A Reconstruction of Margaret Atwood’s reading of Gallant’s “Voices Lost in Snow”



In one of our classes, we studied Mavis Gallant’s stories as they were mediated through New Yorker podcasts, where a noted author would read one short story and then proceed to discuss the themes of that story with the New Yorker fiction editor and host Deborah Treisman.

I chose to present on Margaret Atwood’s reading of Gallant’s “Voices Lost in Snow” and was surprised that the majority of the class found her reading difficult to sit through. I had enjoyed Atwood’s reading (as spare and dry as it was) because she embodied the voice and tone of an imagined older, more jaded Linnet Muir reflecting back on her childhood.

But many of my classmates felt Atwood’s narration was too monotone and dry, resulting in tedious listening experience. With their critiques in mind, I set out to change the texture of Atwood’s reading in order to enliven it.

I chose a three-minute excerpt in the narration where there were several mood shifts in the story; it is the section where Linnet is describing for readers how her mother would order her not to do something while failing to provide an adequate rationale for why she should not carry out the specific action.

The sounds I added to the podcast fell under two categories: sound effects and musical backing.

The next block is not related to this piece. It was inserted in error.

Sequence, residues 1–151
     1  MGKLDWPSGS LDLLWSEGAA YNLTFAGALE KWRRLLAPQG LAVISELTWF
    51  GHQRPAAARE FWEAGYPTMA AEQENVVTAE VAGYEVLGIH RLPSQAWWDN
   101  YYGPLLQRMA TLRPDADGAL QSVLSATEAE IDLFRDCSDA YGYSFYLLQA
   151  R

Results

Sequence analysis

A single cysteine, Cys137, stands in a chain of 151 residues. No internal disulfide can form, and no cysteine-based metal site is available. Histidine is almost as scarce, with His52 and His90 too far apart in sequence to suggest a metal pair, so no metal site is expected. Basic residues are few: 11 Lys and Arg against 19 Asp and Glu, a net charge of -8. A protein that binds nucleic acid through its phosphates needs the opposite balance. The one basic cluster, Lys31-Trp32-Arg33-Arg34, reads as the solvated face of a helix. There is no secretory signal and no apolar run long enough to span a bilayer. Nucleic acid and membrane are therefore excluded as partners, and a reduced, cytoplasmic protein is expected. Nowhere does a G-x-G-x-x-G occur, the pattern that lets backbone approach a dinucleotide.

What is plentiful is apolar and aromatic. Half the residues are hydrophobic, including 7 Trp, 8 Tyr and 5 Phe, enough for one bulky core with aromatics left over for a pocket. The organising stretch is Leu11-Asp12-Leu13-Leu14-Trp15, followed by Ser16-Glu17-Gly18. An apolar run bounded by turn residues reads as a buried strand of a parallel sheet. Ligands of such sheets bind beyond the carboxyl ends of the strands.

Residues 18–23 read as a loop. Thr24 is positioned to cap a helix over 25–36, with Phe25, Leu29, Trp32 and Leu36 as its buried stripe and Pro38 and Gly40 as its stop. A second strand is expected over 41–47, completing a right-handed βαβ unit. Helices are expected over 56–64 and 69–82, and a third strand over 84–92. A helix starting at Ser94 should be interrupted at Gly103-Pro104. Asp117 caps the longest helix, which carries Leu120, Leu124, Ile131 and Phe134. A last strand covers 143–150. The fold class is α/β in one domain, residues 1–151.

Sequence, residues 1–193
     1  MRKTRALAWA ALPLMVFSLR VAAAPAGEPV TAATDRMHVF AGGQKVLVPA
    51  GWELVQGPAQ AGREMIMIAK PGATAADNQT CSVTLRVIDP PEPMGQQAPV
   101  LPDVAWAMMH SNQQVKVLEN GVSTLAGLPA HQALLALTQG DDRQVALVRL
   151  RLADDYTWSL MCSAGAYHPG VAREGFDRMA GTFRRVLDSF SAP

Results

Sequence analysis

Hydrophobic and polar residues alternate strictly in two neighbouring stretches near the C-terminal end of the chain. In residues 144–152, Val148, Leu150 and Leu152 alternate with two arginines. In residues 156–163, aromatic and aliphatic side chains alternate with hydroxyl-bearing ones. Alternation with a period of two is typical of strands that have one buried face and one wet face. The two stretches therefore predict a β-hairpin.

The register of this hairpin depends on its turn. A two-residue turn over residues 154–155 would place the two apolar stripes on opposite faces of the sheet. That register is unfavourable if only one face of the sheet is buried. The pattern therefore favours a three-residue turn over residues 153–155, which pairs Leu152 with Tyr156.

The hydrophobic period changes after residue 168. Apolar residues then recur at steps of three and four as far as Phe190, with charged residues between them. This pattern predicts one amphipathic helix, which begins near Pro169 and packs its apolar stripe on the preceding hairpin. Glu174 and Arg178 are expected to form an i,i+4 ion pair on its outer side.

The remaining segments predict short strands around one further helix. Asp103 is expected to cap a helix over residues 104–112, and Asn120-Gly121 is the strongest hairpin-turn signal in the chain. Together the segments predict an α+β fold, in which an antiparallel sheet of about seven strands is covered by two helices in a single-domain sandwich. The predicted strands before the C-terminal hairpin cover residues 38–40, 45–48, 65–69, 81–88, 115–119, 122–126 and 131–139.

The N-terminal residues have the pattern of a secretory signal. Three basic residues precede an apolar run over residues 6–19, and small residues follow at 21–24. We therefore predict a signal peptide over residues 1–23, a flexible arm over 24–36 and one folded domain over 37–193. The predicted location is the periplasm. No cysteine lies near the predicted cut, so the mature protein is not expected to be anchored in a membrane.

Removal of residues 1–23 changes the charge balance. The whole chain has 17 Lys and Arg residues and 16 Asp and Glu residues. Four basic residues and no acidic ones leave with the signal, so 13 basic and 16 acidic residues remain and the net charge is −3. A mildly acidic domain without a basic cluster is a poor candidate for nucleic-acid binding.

When it came to sound effects, I tried to use them to convey the dry humour of Linnet (and therefore Gallant). For example, when Linnet repeated the affable greeting of “well, old cock”,  that she had heard Archie McEwen addressing her father with, to Mr. Bainwood, I inserted a record scratch and then crickets for sound effects. One would imagine that shock and speechlessness would be Mr. Bainwood’s initial reaction, followed by indignation.


Not wanting to populate the podcast with too many sound effects, I also used music that would play underneath Atwood’s reading. The music was meant to communicate to listeners broader changes in the mood and tone of the story, as opposed to capturing the comedic nuances of a specific situation, which was the case with the sound effects.

The musical backing changes from up-tempo and hoppy to fevered to somber, reflecting what I imagine as Linnet’s changes in mood as she goes from describing the light-hearted incident with Mr. Bainwood to her frustrating exchange with her mother to her nostalgic remembrance of her Saturdays spent with her father

Many of the edits I incorporated pushed the Atwood reading from an audio-text to something that is more interpretative. Although Atwood imparts her own interpretation of the story through modulating her voice, the sound effects and music underlying each scene impress upon the listener more insistently my own interpretation of the story and scenes.

I asked a couple of classmates what they thought about my remediation of Atwood’s narration, and while they appreciated the livening effect of the music and sounds, they also pointed out that it would overwhelm the text itself at times.

Ultimately, like musical categories, there are different genres of podcasts, and it depends on what the creator of the podcast sets out to do. In the case of the New Yorker podcast, the minimalism of the readings imbues the podcasts with a sense of dignity and imperiousness that suits the style of the New Yorker brand.